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Do changes in pension incentives affect retirement? A stated preferences approach to Dutch retirement consideration

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Author Info

  • Allard Bruinshoofd
  • Sybille Grob

Abstract

The empirical connection between financial incentives and retirement decisions largely derives from revealed preferences in cross-sectional settings. This raises the issue to what extent unobserved tastes for retirement - which may correlate with job selection and through that route with financial incentives - play a role and can be controlled for. Using a stated rather than a revealed preferences approach, we contribute to this debate. Fielding a survey questionnaire in the Dutch DNB Household Survey we derive empirical estimates of pension adjustment and pension wealth effects. Our main finding is that retrenchments of pension arrangements to the effect of raising the standard retirement age by 1 year induce people on average to postpone retirement by about half a year. Retirement postponement varies across people, depending prominently on earnings and non-pension wealth; affluent people are more likely to capitalize on increased pension wealth through earlier retirement, whereas they more readily accept a lower pension benefit in case of a decrease in pension wealth.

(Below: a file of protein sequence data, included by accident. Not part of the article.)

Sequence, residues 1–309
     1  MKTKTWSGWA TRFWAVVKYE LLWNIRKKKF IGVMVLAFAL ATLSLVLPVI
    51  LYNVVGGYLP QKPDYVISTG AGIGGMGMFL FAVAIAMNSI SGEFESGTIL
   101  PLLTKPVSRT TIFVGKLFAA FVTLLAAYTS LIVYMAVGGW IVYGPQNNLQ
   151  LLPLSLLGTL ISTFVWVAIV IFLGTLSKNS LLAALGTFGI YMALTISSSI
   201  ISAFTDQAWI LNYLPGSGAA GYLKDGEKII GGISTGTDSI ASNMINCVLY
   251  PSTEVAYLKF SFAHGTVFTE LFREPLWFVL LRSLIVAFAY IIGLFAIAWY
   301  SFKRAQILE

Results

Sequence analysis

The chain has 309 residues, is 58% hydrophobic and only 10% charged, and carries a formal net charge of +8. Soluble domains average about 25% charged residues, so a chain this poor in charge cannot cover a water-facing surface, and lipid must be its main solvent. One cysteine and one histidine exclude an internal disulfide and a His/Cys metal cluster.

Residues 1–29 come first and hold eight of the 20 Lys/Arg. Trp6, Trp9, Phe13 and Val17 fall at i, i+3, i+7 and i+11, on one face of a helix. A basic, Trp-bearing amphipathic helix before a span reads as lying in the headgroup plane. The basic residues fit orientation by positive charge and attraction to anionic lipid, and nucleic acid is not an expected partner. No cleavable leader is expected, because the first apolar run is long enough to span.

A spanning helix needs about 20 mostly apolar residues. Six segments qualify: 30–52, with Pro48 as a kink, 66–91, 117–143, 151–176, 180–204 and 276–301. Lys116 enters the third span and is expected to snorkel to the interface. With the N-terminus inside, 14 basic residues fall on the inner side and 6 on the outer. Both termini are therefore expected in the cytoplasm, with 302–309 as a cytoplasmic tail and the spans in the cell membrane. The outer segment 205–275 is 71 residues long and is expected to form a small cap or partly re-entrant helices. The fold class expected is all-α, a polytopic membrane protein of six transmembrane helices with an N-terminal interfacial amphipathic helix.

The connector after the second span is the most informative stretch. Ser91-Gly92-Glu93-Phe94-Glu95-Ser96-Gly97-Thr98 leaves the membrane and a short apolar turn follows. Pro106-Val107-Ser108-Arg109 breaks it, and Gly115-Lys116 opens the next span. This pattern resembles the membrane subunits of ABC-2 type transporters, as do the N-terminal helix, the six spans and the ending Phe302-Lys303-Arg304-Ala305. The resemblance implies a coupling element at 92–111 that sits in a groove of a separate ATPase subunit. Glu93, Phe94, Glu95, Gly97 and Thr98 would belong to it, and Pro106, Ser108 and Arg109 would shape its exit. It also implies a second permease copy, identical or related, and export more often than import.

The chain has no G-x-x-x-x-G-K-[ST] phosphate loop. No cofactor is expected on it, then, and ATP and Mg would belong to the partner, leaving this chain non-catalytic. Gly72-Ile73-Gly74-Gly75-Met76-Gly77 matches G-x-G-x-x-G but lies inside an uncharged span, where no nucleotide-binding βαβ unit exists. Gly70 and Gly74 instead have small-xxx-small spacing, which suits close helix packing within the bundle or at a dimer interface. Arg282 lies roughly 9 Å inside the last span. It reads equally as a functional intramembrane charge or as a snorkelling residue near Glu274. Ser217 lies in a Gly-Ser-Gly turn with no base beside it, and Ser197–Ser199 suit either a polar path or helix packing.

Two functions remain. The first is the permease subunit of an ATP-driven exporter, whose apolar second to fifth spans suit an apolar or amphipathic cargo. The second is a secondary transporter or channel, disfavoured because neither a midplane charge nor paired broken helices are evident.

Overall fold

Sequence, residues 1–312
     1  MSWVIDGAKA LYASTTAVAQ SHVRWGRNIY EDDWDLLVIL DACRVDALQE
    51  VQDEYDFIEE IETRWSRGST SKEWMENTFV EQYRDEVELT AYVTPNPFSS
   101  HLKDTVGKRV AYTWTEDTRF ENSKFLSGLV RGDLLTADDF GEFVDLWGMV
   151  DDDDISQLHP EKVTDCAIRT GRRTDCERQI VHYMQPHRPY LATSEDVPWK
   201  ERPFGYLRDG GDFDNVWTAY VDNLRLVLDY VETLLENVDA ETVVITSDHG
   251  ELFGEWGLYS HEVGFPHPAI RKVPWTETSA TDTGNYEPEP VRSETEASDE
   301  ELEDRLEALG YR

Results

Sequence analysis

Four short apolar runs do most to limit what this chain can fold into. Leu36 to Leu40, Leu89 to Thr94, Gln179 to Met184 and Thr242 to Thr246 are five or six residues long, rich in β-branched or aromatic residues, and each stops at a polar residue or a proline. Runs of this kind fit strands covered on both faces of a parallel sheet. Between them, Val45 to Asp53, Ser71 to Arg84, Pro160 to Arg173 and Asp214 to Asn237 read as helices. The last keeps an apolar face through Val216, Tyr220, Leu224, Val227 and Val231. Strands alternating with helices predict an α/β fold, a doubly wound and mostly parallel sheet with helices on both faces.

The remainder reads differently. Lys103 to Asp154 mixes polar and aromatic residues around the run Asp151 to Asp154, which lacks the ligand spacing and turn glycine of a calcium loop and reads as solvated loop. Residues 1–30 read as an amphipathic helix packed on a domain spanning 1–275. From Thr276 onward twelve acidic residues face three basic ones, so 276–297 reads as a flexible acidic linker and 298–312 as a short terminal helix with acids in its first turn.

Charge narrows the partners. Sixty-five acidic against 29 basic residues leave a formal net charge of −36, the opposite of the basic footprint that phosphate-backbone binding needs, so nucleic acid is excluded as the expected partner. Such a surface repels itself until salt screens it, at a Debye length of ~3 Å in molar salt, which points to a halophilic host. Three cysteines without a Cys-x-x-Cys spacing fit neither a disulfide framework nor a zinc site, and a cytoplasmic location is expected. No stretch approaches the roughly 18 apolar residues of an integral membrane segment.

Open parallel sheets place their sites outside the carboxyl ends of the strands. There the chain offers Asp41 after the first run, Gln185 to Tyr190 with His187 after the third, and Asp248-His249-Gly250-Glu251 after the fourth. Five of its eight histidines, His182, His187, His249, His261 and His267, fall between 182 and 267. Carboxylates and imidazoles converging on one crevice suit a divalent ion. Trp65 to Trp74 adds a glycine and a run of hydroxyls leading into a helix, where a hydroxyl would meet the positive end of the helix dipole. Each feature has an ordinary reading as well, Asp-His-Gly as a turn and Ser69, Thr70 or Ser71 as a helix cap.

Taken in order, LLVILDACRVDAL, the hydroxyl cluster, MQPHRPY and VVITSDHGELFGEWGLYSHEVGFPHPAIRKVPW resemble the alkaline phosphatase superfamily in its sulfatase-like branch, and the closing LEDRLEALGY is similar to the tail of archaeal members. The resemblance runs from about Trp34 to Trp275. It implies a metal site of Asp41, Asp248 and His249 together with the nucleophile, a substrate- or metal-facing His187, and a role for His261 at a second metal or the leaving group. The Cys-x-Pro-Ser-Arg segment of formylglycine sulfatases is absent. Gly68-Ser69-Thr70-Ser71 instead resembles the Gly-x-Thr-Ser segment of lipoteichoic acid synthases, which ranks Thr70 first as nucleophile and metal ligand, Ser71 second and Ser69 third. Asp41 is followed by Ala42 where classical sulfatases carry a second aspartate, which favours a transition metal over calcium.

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Bibliographic Info

Paper provided by Netherlands Central Bank, Research Department in its series DNB Working Papers with number 115.

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Date of creation: Oct 2006
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Handle: RePEc:dnb:dnbwpp:115

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Keywords: (Early) retirement; Financial incentives; Survey results;

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Cited by:
  1. Andries de Grip & Didier Fouarge & Raymond Montizaan, 2013. "How Sensitive are Individual Retirement Expectations to Raising the Retirement Age?," De Economist, Springer, vol. 161(3), pages 225-251, September.

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